Blue, Black and Pink Paisley "100% Pashmina" Pasmina
“100% Pashmina” Pashmina

I bought a lovely shawl not long ago. It was labelled “100% Pashmina”, but I knew when I bought it that it was not “pashmina”.

“Pashmina” is a very fine type of cashmere wool which comes only from the chyangrya goats that live in the cold Himalayan climate of Nepal. The fibre comes from the goat’s underbelly; it is very fine and must be combed off during the Spring moult. This fineness means that it cannot be machine processed and that it must be washed and woven entirely by hand. The tiny amount of wool, obtainable only during a particular time of year makes it expensive. And when you add in the cost of hand production by skilled craftsman, you can see that a $19.95 “pashmina” cannot possibly be the real thing.

Another thing to note is that while “Cashmere” is a term protected by international treaty,  appellation and regulation (similar to “champagne” or “Parmigiana-Reggiano” and “Jamón serrano”) “Pashmina” is not. When you buy champagne, you are 100% guaranteed to receive a sparkling wine produced in the Champagne region of France. Parmigiana will always be a hard granular cheese from a particular region of Italy (though fake Parmesans are still common). And Jamón serrano is a type of Spanish ham made from a particular breed of pig that lives in the mountains and is processed in a traditional method.

Similarly, when you buy cashmere, there is an excellent chance that this is what you are getting. You can confirm this by inspection; cashmere does not have a sheen, it is wholly matte. Due to its very fine fibre, it does pill after wear and depending on what the garment is, could acquire a subtle sheen on wear, similar to the kind you might notice on a well-worn wool suit. It does not accrue an electrical charge – if you rub it against plastic, it will not attract dust and hair (and will not shock you). The garment label will always be sewn on, never glued because the glue damages the fabric.

You can try to set fire to it; cashmere (and other wools) will smoulder, smell like burning hair and the ash will easily crush to a powder. Be careful when you do this, as most synthetics are petroleum-based and will explode into flame, smell like plastic or vinegar and turn lumpy as it melts. It might also be a synthetic and manufactured fibre blend in which case it will burn quickly, smell like burned leaves and reduce to a powder. I doubt they will let you do this in the store, and it doesn’t seem likely they will willingly refund or exchange a garment tested by this method.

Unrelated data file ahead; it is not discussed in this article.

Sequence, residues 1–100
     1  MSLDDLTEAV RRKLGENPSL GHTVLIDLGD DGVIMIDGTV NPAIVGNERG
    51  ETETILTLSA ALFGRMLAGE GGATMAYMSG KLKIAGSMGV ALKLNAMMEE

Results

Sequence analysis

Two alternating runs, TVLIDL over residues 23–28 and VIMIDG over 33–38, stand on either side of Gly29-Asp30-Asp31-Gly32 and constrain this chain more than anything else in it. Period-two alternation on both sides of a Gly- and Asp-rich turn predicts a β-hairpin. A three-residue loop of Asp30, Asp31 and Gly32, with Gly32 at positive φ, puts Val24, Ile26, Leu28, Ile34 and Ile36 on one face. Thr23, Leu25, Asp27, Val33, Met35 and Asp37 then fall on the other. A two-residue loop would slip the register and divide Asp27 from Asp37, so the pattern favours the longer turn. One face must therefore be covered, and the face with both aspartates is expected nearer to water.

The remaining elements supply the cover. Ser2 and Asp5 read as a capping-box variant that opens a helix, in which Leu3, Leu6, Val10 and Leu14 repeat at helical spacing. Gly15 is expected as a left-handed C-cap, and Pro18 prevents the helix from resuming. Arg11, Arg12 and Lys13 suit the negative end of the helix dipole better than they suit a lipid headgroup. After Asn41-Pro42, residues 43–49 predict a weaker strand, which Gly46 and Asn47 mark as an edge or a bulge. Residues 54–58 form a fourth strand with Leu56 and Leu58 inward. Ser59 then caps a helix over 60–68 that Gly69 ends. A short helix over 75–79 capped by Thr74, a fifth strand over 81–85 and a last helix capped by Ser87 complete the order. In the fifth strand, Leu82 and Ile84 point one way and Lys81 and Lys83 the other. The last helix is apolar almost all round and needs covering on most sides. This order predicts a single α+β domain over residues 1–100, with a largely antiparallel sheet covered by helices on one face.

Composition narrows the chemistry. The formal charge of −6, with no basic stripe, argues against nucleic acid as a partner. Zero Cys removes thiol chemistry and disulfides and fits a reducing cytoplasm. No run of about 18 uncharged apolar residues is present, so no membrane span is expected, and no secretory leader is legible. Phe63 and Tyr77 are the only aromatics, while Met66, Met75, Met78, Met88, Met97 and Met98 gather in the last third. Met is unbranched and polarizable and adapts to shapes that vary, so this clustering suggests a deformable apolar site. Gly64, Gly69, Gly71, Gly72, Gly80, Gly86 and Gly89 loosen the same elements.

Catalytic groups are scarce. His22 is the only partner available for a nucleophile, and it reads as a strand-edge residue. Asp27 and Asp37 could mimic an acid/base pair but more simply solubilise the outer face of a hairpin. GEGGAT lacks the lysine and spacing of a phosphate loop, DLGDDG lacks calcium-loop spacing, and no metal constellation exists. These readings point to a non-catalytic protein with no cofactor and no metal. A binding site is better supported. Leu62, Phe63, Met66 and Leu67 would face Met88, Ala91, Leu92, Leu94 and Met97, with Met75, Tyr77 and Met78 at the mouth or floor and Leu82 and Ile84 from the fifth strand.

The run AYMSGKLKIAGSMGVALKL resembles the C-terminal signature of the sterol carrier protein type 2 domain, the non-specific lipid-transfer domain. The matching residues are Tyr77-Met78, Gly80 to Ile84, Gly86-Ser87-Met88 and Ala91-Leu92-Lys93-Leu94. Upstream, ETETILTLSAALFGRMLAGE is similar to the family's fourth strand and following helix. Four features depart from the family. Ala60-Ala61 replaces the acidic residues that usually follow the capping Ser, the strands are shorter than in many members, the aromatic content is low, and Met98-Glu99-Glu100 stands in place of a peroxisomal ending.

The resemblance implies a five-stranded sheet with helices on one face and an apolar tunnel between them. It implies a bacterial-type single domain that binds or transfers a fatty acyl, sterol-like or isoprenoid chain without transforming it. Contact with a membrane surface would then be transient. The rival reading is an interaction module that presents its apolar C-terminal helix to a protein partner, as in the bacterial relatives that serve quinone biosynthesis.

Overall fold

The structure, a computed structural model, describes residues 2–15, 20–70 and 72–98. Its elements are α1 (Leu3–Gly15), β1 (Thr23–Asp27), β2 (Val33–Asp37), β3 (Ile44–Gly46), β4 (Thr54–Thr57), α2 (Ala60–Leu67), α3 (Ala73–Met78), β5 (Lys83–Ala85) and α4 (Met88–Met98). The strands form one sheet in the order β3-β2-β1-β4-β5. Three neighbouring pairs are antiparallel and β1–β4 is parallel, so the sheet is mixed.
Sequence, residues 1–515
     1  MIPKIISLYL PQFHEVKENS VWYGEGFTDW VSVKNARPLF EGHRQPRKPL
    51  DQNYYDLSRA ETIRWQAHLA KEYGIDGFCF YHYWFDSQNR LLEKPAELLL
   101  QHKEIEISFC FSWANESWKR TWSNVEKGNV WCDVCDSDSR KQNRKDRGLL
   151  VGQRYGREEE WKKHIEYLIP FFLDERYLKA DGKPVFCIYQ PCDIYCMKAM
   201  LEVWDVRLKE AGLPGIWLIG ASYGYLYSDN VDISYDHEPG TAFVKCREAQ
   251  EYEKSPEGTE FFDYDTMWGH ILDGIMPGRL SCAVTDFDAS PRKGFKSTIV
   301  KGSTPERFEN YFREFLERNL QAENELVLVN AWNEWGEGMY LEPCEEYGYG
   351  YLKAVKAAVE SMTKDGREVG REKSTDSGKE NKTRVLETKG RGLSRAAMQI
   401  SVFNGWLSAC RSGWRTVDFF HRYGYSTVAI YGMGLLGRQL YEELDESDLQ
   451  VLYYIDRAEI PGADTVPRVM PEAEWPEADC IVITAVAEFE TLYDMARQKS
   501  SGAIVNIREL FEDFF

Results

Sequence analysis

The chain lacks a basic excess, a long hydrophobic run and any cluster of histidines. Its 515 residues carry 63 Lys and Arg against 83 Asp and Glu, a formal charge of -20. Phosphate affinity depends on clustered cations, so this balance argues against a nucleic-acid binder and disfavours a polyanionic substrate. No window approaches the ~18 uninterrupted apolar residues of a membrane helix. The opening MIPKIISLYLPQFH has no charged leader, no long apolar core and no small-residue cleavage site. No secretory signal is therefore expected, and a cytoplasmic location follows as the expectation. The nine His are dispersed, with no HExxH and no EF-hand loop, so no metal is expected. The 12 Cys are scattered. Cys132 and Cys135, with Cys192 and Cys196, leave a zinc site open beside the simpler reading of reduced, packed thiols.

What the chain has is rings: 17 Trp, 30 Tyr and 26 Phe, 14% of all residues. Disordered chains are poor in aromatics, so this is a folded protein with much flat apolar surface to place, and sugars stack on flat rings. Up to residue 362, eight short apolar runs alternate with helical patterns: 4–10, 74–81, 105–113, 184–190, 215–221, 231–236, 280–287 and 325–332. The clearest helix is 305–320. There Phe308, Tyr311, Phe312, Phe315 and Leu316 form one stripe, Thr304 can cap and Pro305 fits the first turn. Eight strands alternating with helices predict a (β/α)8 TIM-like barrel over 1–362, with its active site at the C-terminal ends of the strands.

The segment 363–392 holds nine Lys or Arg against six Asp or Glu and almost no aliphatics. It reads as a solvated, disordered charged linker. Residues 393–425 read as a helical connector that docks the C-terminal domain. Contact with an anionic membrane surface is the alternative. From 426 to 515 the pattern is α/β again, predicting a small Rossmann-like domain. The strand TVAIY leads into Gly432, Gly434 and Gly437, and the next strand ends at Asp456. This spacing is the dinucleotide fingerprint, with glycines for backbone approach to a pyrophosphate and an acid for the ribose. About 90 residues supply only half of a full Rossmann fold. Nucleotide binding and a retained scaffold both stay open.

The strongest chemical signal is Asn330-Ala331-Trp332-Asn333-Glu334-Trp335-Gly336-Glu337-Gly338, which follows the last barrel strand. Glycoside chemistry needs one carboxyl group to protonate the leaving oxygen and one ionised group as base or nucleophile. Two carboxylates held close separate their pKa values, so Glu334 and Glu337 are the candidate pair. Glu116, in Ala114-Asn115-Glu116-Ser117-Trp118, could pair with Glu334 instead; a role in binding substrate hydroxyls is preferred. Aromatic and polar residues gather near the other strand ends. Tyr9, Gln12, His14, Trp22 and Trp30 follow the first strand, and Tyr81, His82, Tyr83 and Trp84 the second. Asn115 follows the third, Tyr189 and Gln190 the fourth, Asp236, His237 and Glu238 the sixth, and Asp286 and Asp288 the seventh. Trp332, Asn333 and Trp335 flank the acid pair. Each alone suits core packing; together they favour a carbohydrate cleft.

But the shawl was pretty so I bought it anyway. I feel the cold (which is related to my kidney issues) so I hoped it would be useful on cool summer/spring evenings when all you need is a light layer to block the breeze, but it turns out to have zero wind protection properties. And having worn it on cool but not breezy nights, it turns out to be not very warm either. I’m hanging onto it for another month or two so I can see if it works as a bulky scarf for a mid-winter train station wait (it does), but if I don’t find it warm enough for that, Katy will find herself with something for another 100 days of bling.

The Nepalese government recently introduced the Chyangra Pashmina Trademark, now registered in 41 countries around the world. Suppliers using this trademark can only do so with government approval. Manufacturers who wish to gain accreditation must be members of the Nepalese Pashmina Association, meet a rigorous approval process, and be able to track each item back to its source. If you want “real” pashmina, look for this accreditation in the full understanding that you are buying a high-quality luxury item and will be paying a high-quality luxury price.

If you don’t want “real” pashmina, don’t buy anything labelled with any variant of pashmina as this encourages fraudsters, steals cashmere producer’s income, and leads to the disappointment of people who don’t know any better.

And just in case you wondered, goats that don’t live in cold climates also produce wool; it is called Angora. I imagine that should they pack up and move to Nepal, they would probably start growing similar wool. If they didn’t freeze to death first.


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